Ntombomzi Mgoduka, 62, is one of the 2,000 University of Fort Hare (UFH) graduands who will be capped virtually during an online graduation ceremony next week.
Mgoduka, a teacher by profession, will receive her Master’s degree in public management during a ceremony on the UFH YouTube page on May 29. The graduation ceremony will be officiated by the chancellor, advocate Dumisa Ntsebeza, and vice-chancellor Sakhela Buhlungu.
Mgoduka could not contain her excitement when she spoke to the Dispatch on Wednesday.
She began her Master’s degree at the Mthatha campus in 2016 and said: “It’s been such a challenging yet rewarding journey. I am overjoyed to know I will be graduating next week.”
Mgoduka said as her career progressed, she was driven to study further and “expand” her knowledge.
She said her work in the department of education exposed her to policy and regulations, which pushed her to further understand human interaction and governance through a public management degree.
However, Mgoduka was met with life-changing challenges along the way.
“I’m a single parent who was juggling work and studying, and then I had to face the death of my child. I was devastated, my entire world changed. However, the assistance I received from university lecturers was incredibly helpful. I knew I could contact them at any time about my studies,” said Mgoduka.
The virtual graduation ceremony for the 2,711 UFH students will be the first of its kind.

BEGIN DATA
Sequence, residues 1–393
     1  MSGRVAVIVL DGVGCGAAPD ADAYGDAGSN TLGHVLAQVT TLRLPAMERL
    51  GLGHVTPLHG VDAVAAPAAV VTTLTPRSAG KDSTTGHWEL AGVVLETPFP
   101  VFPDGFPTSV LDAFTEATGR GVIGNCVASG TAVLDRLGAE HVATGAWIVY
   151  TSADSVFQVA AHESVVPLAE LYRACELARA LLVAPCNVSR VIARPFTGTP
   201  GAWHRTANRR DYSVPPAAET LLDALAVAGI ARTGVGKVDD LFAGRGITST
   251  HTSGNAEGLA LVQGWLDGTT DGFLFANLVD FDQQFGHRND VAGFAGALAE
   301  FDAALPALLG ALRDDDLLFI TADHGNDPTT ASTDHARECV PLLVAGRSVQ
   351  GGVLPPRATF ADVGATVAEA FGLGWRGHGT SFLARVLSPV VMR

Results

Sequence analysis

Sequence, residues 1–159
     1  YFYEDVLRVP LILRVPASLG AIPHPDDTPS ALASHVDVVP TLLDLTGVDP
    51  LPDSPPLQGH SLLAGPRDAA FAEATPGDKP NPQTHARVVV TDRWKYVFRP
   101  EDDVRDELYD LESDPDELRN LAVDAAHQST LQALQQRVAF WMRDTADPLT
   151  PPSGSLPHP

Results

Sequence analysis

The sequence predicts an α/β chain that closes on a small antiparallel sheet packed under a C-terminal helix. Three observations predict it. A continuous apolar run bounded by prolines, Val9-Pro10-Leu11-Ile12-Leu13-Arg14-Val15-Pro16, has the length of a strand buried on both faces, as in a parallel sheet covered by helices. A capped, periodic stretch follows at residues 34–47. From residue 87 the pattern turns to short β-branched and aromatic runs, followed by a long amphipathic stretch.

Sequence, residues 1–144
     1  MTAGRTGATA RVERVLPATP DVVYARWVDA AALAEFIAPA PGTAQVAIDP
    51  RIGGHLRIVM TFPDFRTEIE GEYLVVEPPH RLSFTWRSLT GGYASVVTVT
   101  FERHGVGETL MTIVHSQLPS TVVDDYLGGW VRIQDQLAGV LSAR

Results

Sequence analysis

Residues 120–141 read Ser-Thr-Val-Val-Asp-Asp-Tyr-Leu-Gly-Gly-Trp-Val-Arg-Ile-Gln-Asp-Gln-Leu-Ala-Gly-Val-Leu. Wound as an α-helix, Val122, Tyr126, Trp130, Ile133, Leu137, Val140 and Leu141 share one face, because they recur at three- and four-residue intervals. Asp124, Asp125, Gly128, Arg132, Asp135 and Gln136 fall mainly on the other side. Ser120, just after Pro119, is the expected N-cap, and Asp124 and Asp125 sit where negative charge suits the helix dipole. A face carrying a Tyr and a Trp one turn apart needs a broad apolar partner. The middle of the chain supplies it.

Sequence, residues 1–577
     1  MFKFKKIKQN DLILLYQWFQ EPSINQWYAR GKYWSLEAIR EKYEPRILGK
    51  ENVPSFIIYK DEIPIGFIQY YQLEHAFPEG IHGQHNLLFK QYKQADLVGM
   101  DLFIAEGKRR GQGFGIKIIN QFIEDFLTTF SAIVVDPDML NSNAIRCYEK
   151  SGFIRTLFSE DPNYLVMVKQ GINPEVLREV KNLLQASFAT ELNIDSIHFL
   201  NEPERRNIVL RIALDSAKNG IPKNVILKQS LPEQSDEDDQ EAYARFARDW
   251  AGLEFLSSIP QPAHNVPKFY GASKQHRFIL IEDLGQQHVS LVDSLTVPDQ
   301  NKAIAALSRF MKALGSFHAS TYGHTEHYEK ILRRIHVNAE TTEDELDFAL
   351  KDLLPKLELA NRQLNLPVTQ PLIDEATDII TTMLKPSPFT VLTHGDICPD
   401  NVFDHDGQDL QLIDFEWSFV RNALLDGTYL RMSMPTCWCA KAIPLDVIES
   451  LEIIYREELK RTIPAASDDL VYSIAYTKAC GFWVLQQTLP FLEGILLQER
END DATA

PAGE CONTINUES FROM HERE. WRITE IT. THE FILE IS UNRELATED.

Speaking on the co-ordination of the digital ceremony, deputy registrar Rose Masha said the institution’s joint graduation team “is doing its utmost to still present the celebratory air”.
UFH always goes all out in celebration during graduation. Although the virtual space cannot capture the joviality 100%, we will still achieve this celebratory air through our wealth of archives
“UFH always goes all out in celebration during graduation. Although the virtual space cannot capture the joviality 100%, we will still achieve this celebratory air through our wealth of archives,” she said.
According to Masha, there will be six different video clips to represent each of the university’s faculties.
“The deans will each present their faculty’s qualifications. This way, graduates and their families don’t have to watch the whole presentation to get to their names. This also ensures they won’t incur steep data costs when, at a click of a button, they can just directly watch their faculty graduation or those of their peers,” said Masha.
Institutional advancement director Tandi Mapukata said the UFH team was presented with a challenge to break new ground.
“With limited or no university resources at all, for a number of months now the technical staff in institutional advancement have invested personal assets to deliver professional hi-tech UFH projects,” she said.
“The virtual graduation project is a welcome challenge. We are constructing something big and professional from a zero base. It’s going to look great,” said Mapukata.